Last updated: February 21, 2011
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People in Djibouti protest againts President Gelleh

DJIBOUTI (Somalilandpress) There was peaceful protest in the capital of Djibouti on Friday. About 300 protesters gather near the governmental palace to protest against the current Djibouti president Mr. Ismail Omar Gelleh. The Police escorted the protesters after the Friday sermons along the major street that leads from the Djibouti International Seaport to the governmental palace in the business district of the country. The protesters shouted slogans that denounced the current president and demand him not to seek another six-year term. Demonstrators carried signs and large banners that called for more liberty and for political and social reform.

This protest coincided with the events taking place in neighboring countries in the region like Tunis, Egypt and Yemen. Last Friday, was the tipping point in Egypt, where thousands of people defy the imposed national curfew and took to the street to demand for President Husseini Mubarak to step down. It seems the spark of Tunis revolution is catching on and spreading throughout the region. In neighboring Yemen, thousands of people have gathered on Friday also to demand for president Salah to step down. With access to more information through the Internet, people feel empowered to demand for more liberty and rule of the law in a region known for lack of democracy.

The demonstration in Djibouti was peaceful and small in comparison. There was no any report of violence or clashes with the security forces. Organizers from different opposition parties had permission from the Interior Ministry to march on that day. Unlike Egypt and Tunis, the demonstration was not organic eruption of public frustration with current status quo, but rather more focused to demand for the current president not to seek another term and allow opposition leaders to compete more freely.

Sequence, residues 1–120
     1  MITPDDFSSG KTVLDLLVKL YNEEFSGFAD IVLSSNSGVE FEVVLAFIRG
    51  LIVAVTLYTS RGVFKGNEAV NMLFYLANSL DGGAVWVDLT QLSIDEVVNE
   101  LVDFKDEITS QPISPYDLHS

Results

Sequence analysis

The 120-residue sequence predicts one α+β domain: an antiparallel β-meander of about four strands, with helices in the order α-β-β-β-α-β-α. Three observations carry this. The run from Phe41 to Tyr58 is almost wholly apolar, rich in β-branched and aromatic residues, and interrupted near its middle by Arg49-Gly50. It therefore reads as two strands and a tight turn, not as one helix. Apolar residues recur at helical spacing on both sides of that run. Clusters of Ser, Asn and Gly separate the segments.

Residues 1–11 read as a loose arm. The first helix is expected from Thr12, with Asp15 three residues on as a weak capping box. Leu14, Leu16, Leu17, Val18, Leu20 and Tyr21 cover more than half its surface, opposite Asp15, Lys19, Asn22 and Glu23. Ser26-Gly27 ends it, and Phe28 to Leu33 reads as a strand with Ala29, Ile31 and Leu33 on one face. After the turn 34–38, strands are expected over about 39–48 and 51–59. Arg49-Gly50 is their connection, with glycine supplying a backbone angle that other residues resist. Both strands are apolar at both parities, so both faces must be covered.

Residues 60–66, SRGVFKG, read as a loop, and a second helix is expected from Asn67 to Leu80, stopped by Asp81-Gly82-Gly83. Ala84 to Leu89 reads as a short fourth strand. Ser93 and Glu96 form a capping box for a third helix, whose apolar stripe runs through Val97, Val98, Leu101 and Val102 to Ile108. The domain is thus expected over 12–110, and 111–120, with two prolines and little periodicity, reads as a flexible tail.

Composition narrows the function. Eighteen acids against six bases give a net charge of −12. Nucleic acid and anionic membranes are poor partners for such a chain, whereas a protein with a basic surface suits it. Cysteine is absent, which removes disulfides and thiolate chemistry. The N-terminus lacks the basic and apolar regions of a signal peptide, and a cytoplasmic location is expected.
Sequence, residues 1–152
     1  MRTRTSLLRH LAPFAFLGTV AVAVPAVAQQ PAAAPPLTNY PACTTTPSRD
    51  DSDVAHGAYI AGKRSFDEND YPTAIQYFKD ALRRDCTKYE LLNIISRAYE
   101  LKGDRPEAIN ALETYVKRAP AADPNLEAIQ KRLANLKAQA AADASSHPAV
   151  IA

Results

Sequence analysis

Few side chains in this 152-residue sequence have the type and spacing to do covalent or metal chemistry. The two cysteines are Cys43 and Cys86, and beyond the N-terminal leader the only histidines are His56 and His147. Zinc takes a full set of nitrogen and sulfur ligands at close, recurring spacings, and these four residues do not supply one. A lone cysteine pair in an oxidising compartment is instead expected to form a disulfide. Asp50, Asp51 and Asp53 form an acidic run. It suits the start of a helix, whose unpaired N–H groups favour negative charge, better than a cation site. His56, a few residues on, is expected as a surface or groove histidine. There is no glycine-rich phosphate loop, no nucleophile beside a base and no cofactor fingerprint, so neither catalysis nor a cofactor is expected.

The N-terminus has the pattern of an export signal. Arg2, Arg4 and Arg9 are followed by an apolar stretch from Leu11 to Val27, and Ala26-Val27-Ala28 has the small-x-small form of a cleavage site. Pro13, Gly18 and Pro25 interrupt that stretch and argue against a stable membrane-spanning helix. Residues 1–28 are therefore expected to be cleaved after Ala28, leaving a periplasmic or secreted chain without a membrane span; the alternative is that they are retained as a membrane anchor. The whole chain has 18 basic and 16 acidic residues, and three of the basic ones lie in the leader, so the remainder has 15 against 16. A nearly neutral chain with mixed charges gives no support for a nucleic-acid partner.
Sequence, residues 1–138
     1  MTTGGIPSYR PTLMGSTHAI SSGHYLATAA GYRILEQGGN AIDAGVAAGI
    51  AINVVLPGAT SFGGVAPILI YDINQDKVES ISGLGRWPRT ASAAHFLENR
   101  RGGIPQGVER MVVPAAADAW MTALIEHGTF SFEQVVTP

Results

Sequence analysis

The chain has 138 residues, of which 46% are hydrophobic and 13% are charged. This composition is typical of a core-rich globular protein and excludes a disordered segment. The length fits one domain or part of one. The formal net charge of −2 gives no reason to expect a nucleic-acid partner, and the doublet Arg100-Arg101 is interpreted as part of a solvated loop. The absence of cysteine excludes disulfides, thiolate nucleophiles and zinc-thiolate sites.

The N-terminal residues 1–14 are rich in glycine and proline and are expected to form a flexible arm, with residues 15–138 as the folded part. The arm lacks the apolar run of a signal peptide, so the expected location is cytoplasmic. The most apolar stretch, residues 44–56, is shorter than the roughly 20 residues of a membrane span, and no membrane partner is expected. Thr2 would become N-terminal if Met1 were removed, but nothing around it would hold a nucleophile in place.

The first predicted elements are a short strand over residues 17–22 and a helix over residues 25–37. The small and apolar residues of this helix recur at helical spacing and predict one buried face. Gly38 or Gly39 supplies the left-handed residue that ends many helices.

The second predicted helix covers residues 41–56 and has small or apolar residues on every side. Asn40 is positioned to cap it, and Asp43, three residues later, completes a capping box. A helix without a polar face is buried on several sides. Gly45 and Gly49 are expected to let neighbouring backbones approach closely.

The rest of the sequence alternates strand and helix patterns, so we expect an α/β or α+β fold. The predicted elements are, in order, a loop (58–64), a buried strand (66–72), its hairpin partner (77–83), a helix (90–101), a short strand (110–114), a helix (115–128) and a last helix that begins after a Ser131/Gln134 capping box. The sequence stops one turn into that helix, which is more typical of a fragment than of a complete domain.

In addition of political demand, demonstrators complained about high unemployment and dissatisfaction with economic conditions. Residents of poor parts of the capital, who feel marginalized by high unemployment and poor living conditions, joined the demonstration to express frustration with current economic opportunities. The largest district in Djibouti, Balbala, which is on the outskirt of the capital, has been the center of public dissatisfaction with the current president. Residents in Balbala have been suffering from shortage of running water, blackout, lack of basic infrastructure and joblessness.

Current Djibouti president Ismail Omar Guelleh has been in power since 1999 after replacing his uncle as the leader of the ruling party. He lifted the constitutional limit to run for a third six-year term at the end of this year. The country has been without creditable opposition for last 15 years, after the largest opposition group (The Front for the Restoration of Unity and Democracy, FRUD) signed agreement with current government and joined in to form a unity government. With absolute majority in the parliament, the current ruling party has modified the constitution to allow the current president to run for a third term. Number of prominent opposition leaders have accused the government of corruption and self-serving power manipulations.

Djibouti, a former French colony which separates Eritrea from Somalia, hosts France’s largest military base in Africa and a major U.S. base. Its port is used by foreign navies patrolling busy shipping lanes off the coast of Somalia to fight piracy.


Readers Comments (22)

  1. Musa says:

    We really support the legitimate rights of the Jibouti people, who do not want see the tyranant re-election. There are thousands of Jiboutian academics, who wants to compete for this golden chair, therefore, why do this dictator became the sole candidate of the Jibouti Presidency. He must be kicked out once and for all, before he transfer the power to his son, if he is again re-elected.

  2. hassan says:

    somalialnd should supporte this people

  3. Mowliid says:

    Its up to the people of djibouti; somaliland has nothing to do with this. In fact, its more worthwhile if we support the opposition and give them a taste of their own medicine.